Head Noise, Epic Failure, and Other Opportunities for Growing

In my last blog, I talked about returning to studying opera.

In this post, I will recount to you the tale of my last coaching session, which I will endearingly refer to as, “Hot Mess.”

A sampling of some of the suggestions coming from my brain during the session include, “This is too hard for you,” “You will never make it through this aria,” “You should just give up and stay in musical theatre where you actually know what you are doing.”

A sampling of some of the things coming out of my coach’s mouth during the session, all in the spirit of tough love of course: “Legato!” “Did you practice? What exactly DID you practice?” “You’re not breathing!” and “Exactly which end of the elephant did that sound come out of?” Yep…hot mess.

The experience was less than fun.

And I learned more from it than I have learned from a lot of more successful experiences lately. Why is that always the way?

After my coach gave me a hug and said, “Don’t be discouraged,” I got in my car and thought a few things.

The first thing was, “Oh, so singing opera really takes a whole lot of practice, and good practice, not just throwing stuff at a wall and seeing what sticks.” You’d think I’d have gotten that download, being a teacher and all.

The second thought was to ask myself, “Why I am doing this?” I don’t have any expectations of singing at La Scala one day, but singing classically has sort of called out to me, and I (and my clients) can only benefit from this training. It’s also an opportunity to face some dormant self-criticisms and -flagellations head on.

I had a lesson shortly thereafter with my incredible teacher, Renee Sousa. Love her. I talked about my recent crash and burn, and she gave me some wonderful insight about practicing.

None of us want to practice.

Not when its framed in the form of a DISCIPLINE, or something we HAVE TO do. Our inner child (and we all got one) rails against it.

She told me about when she would commit to exercise and her health. She said that if she didn’t want to go to the gym, she’d just tell herself, “Well, I’ll just put on my sweats.” Then after that, she said, “Well, maybe I’ll go chill in the sauna or the whirlpool at the gym.” Then as soon as she got in the door, she was off and running on her workout.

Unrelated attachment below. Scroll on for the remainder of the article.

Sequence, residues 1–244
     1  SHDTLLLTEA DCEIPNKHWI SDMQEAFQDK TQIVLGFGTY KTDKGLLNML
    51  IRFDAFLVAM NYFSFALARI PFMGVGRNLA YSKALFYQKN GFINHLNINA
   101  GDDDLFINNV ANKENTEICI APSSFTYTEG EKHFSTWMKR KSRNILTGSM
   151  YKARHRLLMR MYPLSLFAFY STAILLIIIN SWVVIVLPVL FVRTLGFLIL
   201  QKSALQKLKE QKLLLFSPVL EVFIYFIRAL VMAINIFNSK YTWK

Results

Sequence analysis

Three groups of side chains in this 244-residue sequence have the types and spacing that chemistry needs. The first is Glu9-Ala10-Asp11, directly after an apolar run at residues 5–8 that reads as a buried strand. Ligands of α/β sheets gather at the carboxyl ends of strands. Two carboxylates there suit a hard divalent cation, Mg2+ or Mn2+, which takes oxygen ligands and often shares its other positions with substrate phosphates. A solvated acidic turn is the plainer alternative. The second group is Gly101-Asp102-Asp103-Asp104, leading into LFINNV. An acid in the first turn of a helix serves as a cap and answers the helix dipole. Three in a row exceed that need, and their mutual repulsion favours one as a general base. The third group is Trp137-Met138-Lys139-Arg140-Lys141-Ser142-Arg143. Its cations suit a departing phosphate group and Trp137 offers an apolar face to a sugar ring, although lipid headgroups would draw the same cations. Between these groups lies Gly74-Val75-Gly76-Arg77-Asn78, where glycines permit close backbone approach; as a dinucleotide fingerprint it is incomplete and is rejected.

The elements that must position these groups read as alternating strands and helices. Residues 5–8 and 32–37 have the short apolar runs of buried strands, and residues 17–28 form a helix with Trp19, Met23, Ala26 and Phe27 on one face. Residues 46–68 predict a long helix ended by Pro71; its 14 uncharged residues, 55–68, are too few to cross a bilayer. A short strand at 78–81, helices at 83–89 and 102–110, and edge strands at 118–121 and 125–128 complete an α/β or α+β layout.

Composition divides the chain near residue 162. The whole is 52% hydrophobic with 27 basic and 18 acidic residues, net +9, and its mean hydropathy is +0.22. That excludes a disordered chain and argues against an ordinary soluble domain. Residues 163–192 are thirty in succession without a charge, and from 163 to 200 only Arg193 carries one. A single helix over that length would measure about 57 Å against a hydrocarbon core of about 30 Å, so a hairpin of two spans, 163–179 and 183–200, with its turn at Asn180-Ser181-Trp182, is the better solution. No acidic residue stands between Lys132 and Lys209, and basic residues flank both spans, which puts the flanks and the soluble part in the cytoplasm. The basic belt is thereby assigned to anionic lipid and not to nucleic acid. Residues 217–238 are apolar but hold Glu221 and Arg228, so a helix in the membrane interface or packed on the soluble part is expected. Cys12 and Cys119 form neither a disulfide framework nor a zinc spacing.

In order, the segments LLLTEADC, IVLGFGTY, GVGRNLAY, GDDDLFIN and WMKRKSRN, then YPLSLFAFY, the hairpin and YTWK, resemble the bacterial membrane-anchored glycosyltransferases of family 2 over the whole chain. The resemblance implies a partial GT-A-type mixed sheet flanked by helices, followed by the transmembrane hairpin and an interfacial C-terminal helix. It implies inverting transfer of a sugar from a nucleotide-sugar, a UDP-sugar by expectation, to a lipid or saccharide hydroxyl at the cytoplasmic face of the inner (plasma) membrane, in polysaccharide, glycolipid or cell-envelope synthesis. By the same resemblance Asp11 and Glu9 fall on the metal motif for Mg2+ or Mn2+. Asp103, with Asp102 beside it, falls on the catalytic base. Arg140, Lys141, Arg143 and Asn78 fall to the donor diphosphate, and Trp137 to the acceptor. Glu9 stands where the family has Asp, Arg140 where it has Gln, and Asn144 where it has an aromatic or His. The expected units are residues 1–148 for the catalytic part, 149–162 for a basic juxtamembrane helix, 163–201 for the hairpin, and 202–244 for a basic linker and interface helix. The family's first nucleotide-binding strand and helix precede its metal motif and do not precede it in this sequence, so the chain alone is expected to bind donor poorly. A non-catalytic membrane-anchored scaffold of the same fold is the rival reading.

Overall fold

So Renee suggested to me that when I go to practice, I just tell myself, “I’m going to vocalize just for five minutes.” Then see what happens after that…I can tell you from experience that once the engine gets revved, I’m ready to sing and have a good time, taking my time and working in a focused, helpful way.

It also sets up a space in your head where you know it’s most beneficial to go in small chunks, rather than feeling daunted by the task of the entire aria, sonata, or whatever.

I also had a great conversation with her regarding the practice of technique. When I work with Renee, she helps me so quickly. Everything gets lined up and effortless singing ensues. Then I wonder how to find and recreate this in my own practice.

Renee compared it to burying a treasure chest in the desert. You go back to find it, and it may take you a few hours to locate where you buried it. The next visit, maybe less time, and so on. Until you have visited the site enough that you know exactly where the gold is buried every time. That is building technique, and it requires many visits.

But I have to say, the idea of saying, “I’m just going to sing a couple of scales, that’s all,”…It’s effective. Notice where it’s helpful in other areas of life. Today when I was working out, I said, “I’m just going to do this one set. I can do that.” Until I had completed them all after an hour.

Final point is…I’m learning a ton from confronting all of this. I’m growing by doing something new and unfamiliar, and  have so much experience from the field to share with my clients…not to mention compassion for their plight when they are in the middle of working out their own technique.

We are fellow travelers with our students. We get to circle back and walk the road with them that we have covered. And in the meantime, let’s keep seeking out those teachers who can show us the way on roads we haven’t yet traveled.  It’s fun, it’s rewarding, we become better people, and better teachers.

Hope you all have a wonderful holiday season. Merry Christmas!


About the Author

Dan Callaway
Dan is a voice teacher in Los Angeles who works mainly with professional and aspiring musical theatre performers.

He is also a consistently working singer and actor performing in Los Angeles, New York, and across the country.

Recent credits include Musical Theatre West's production of SPAMALOT, 1776 with Cabrillo Musical Theatre, I LEFT MY HEART: A SALUTE TO THE MUSIC OF TONY BENNETT at ... [Read more]


  1. Valerie Kampmeier

    Thanks, Dan! That’s such a good reminder from your teacher- just to bite off a small mouthful at a time. It’s amazing what happens if only we can just get started. I really appreciate your honesty in sharing your process, and I’m excited for you!

  2. Dan Callaway

    Thanks so much Valerie…appreciate your feedback and support a lot. Happy New Year!